Oxford scientists say: Looks like no other intelligent life in whole universe (but keep looking)

.matthew.

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"Very low" or "exceptionally rare" in what is basically an infinite universe doesn't mean much.

We've also known it was incredibly unlikely for some time now and am getting genuinely sick of scientists essentially getting paid for reciting the same theories that have been gone over dozens of times before. Get them to work for their money I say :)
 

Extollager

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I'll go on enjoying sf stories with civilizations on other planets, but I do think it's worthwhile occasionally to be reminded that there is no evidence for them and that such evidence as we do have is not favorable to their existence. Similarly about ftl travel: I'll go on enjoying stories with warp drive, hyperspace, etc. and the wonderful journeys between stars that it makes possible, while remembering that it's not going to happen.

The Impossible Physics of Faster-Than-Light Travel (popularmechanics.com)
 

paranoid marvin

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I think that the two big issues here are

A.intelligent life at the same time as us

B.the likelihood of contact between the two

It's extremely unlikely that all of space is lifeless and that every single planet in the universe is a dead rock (or amalgamation of gasses). We know that there are the building blocks of life 'out there' , so at some point in time somewhere in the galaxy , the right combination will have combined in the right way to produce some form of life. It may only be miroscopic, it may have died out millions of years ago, but I'm convinced that it is out there in some shape or form. I'm equally convinced that human beings will be around long enough to make any kind of meaningful contact with it outside of viewing it under a microscope.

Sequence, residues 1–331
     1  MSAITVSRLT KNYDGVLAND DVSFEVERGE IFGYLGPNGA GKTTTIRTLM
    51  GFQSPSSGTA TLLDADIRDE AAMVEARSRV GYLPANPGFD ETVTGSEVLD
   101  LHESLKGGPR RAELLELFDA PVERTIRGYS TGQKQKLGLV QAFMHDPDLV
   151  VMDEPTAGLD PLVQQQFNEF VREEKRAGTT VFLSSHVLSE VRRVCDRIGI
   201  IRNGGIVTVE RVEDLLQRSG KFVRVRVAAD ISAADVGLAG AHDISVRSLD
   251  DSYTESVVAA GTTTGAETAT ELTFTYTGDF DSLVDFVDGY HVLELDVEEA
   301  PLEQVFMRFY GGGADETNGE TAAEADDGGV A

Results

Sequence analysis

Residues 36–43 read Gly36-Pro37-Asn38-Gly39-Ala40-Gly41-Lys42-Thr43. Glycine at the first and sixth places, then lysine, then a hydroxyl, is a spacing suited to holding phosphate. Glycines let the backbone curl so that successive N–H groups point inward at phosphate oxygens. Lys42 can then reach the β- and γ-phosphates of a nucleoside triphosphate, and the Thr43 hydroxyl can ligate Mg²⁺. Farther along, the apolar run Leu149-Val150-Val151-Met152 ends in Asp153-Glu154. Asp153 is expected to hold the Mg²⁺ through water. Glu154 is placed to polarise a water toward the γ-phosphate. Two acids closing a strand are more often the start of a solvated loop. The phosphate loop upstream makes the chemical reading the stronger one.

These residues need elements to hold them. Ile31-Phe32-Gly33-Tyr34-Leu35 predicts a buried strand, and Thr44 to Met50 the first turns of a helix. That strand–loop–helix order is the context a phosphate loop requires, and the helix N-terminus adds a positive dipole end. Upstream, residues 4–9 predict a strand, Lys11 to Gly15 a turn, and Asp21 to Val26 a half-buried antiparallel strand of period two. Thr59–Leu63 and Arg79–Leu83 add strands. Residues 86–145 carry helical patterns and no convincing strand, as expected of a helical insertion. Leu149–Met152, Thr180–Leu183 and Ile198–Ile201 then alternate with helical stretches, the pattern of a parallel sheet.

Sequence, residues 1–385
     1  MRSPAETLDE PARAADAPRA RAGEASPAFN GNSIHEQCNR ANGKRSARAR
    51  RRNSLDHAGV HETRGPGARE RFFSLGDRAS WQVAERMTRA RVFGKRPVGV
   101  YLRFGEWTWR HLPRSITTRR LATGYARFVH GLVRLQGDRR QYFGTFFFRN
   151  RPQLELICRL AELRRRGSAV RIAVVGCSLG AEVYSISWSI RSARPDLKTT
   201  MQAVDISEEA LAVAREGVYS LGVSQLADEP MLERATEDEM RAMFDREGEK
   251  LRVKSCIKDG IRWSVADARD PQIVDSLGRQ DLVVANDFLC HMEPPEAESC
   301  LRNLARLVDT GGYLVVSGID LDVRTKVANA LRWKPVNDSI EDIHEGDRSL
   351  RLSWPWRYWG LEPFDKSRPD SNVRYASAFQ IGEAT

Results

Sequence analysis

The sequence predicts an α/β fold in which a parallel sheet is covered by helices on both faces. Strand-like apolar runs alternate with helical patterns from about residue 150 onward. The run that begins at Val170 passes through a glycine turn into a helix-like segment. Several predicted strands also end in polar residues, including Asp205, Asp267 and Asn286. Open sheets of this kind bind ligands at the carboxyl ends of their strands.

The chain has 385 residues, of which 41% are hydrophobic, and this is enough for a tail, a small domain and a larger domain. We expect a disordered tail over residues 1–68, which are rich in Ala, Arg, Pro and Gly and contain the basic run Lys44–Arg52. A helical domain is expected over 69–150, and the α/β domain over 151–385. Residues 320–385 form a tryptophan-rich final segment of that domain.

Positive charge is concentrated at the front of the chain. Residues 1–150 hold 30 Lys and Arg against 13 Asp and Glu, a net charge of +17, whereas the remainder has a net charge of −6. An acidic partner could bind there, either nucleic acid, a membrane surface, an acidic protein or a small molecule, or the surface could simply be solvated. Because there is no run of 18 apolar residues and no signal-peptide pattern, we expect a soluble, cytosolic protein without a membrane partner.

RJM Corbet

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mosaix

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I was thinking about the development of intelligent life this morning. This is slightly off-topic (sorry @Extollager) but if Earth is the only place in the Universe to develop life (as some believe) it seems against the odds, to me, that the only example of life should also develop intelligent life.

Edit: The implication (if Earth is the only source of life) is that life tends towards intelligence.
 

mosaix

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I'm rusty: the jump from bacteria to eukaryote is described by Nick Lane as literally a once in the whole lifetime of the universe probability sort of event.

Interesting RJM. If that is true (once in the whole lifetime of the universe probability) then it would seem unlikely that the development of life on Earth is also a one-off event.
 

RJM Corbet

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Interesting RJM. If that is true (once in the whole lifetime of the universe probability) then it would seem unlikely that the development of life on Earth is also a one-off event.
Sorry @mosaix, I edited post to read 'once and one time only' -- I'm being very careful.

The abiogenesis of life is not impossible, as explained by Lane. He doesn't like deep smokers, but is more into some sort of shallower spongy type of osmosis sort of thing.

I run out of my depth fast, lol ...
 

RJM Corbet

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Ok. So the abiogenesis of life is something that definitely has happened at least once in the universe upon the planet Earth. Somehow against all probability bacterial life, through immense odds, then made the jump to become eukaryotic.